Adam Schiff Caught With His Pants Down As The Big Lie He Told About Carter Page’s March 2016 FBI Interview Just Got Blown Wide Open

Kirsters Baish| The House Intel Committee should have thought twice before allowing Democrat Adam Schiff to become a ranking member, because he has been making himself look like a total fool. Carter Page has claimed that his March 2016 interview with the FBI didn’t have anything to do with Russian collusion within the Trump campaign. Instead, he stated, it had to do with events that took place in 2013 when he was a witness for the FBI, as reported by Paul Sperry.

Page’s statement is the exact opposite of what was stated in Adam Schiff’s 10 page memo. In the memo, he maintains that Page was questioned by the FBI about his personal ties to Russia in March of 2016.

Four different warrants on Carter Page were obtained by Barack Obama’s FBI/DOJ. One was a FISA warrant and the other three were subsequent renewals which let Obama’s guys surveil the Trump campaign.

The Gateway Pundit reports:

In an effort to justify using a FOREIGN intelligence spy warrant on an American citizen [Carter Page], leaker and liar Adam Schiff claimed the former Trump campaign advisor was long on the FBI radar for his shadowy ties to Russia. In fact, Schiff said in his 10-page junk memo that Carter Page was grilled by the FBI in March of 2016, before the Russia dossier was compiled, about his Russian contacts.

Schiff, along with the rest of the House Democrats, claimed in the 10 page memo, “The FBI interviewed Page multiple times about his Russian intelligence contacts, including in March 2016. The FBI’s concern about and knowledge of Page’s activities therefore long predate the FBI’s receipt of Steele’s information.” The memo was released in direct response to Devin Nunes’ FISA abuse memo.

Schiff stated, “In order to understand the context in which the FBI sought a FISA warrant for Carter Page, it is necessary to understand … what the FBI knew about Page prior to making application to the court — including Page’s previous interaction with Russian intelligence operatives.”

According to investigative reporter Paul Sperry, this is totally untrue. Sperry interviewed Carter Page.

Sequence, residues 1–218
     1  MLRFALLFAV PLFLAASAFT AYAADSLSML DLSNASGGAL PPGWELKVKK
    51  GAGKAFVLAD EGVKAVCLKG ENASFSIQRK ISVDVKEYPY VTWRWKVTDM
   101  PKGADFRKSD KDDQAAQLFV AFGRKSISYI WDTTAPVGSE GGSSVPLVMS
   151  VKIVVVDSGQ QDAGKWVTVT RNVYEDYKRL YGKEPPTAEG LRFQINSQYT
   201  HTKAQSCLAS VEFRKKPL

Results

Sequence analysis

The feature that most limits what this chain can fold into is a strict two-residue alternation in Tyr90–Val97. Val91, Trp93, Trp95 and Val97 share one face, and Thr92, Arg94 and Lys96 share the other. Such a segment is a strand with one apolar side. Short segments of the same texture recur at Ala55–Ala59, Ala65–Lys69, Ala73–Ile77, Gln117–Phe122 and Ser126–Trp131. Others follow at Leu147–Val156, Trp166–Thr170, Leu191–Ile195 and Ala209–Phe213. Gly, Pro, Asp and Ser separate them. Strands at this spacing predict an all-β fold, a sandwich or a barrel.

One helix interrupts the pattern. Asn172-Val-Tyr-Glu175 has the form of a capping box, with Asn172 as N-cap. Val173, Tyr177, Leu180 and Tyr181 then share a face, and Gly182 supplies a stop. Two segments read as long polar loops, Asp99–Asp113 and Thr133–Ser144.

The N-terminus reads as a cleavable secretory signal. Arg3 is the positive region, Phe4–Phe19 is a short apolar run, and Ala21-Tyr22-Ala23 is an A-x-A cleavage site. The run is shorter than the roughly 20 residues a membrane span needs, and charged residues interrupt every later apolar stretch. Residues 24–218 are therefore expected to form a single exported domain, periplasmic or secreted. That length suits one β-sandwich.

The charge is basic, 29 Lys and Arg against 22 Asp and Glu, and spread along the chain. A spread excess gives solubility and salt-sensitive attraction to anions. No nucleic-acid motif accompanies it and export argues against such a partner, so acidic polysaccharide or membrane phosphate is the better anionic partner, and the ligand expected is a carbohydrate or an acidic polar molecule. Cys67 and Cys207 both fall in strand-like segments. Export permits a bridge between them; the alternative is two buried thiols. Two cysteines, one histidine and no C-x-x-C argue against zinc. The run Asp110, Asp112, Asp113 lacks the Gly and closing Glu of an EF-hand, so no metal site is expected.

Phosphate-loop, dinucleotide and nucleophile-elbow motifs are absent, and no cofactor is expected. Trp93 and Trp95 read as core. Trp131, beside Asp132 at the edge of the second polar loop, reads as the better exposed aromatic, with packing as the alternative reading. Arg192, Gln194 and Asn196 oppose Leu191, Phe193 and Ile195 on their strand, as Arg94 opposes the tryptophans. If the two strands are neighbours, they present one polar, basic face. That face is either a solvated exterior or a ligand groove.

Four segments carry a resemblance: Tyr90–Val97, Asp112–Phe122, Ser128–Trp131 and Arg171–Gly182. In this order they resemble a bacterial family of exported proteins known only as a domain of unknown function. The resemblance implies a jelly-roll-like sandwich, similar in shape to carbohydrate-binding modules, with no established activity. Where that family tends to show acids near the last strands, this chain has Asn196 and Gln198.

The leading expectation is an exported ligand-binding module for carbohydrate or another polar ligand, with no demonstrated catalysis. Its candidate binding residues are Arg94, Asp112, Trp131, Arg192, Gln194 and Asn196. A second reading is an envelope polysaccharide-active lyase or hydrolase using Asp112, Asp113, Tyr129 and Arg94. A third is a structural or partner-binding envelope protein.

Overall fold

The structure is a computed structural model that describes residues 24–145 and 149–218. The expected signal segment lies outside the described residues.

Paul Sperry reported:

In an interview with RealClearInvestigations, Page insists that the [March 2016] interview in question – held at then-U.S. attorney Preet Bharara’s office in New York — had “absolutely nothing” to do with the Trump campaign or Russian collusion. Instead of being grilled about shadowy ties, he says he answered questions “related to events in 2013, in a case where I had served as a witness in support of the FBI.”

In 2013, a Russian national working as an unregistered foreign agent at a Russian bank in Manhattan sought information from Page, a longtime energy consultant, related to U.S. efforts to develop alternative energy resources, according to court papers filed by the FBI. Although Page thought the man was a legitimate banker after meeting him at an energy symposium in New York City, he was a Russian agent under federal investigation. He was later caught on surveillance dismissing Page as an “idiot.”

The FBI informed Page in 2013 that the Russians might be trying to recruit him.

A U.S. Naval Academy alumnus, Page cooperated as a witness in that case, which was coordinated with the bureau’s Counterespionage Section Chief Peter Strzok in Washington, and he helped the government convict the Russian spy. Evgeny Buryakov pleaded guilty to espionage-related charges on March 11, 2016. FBI agents, as well as federal prosecutors, huddled with Page around that time to tie up loose ends, he said. “It had absolutely nothing to do with the election interference story, which surfaced months later,” Page said.

The March 2016 interview between the FBI and Carter Page took place days prior to Trump announcing that he had picked Page as one of his advisors, which made Schiff’s claims look even worse off.

Schiff is trying to claim that Page had already been in the view of the FBI because of his issues with the Russians in the past. They never did get Page on their side, however.

In the end, the Russians were unable to recruit Page and never received any state secrets from him. Monaghan did not recommend espionage or any other charges against Page, who by all accounts acted as a reliable and trusted witness in the case. Far from being a Russian spy, Page was characterized to the court as someone who helped the FBI catch Russian spies.

Read Paul Sperry’s entire report here.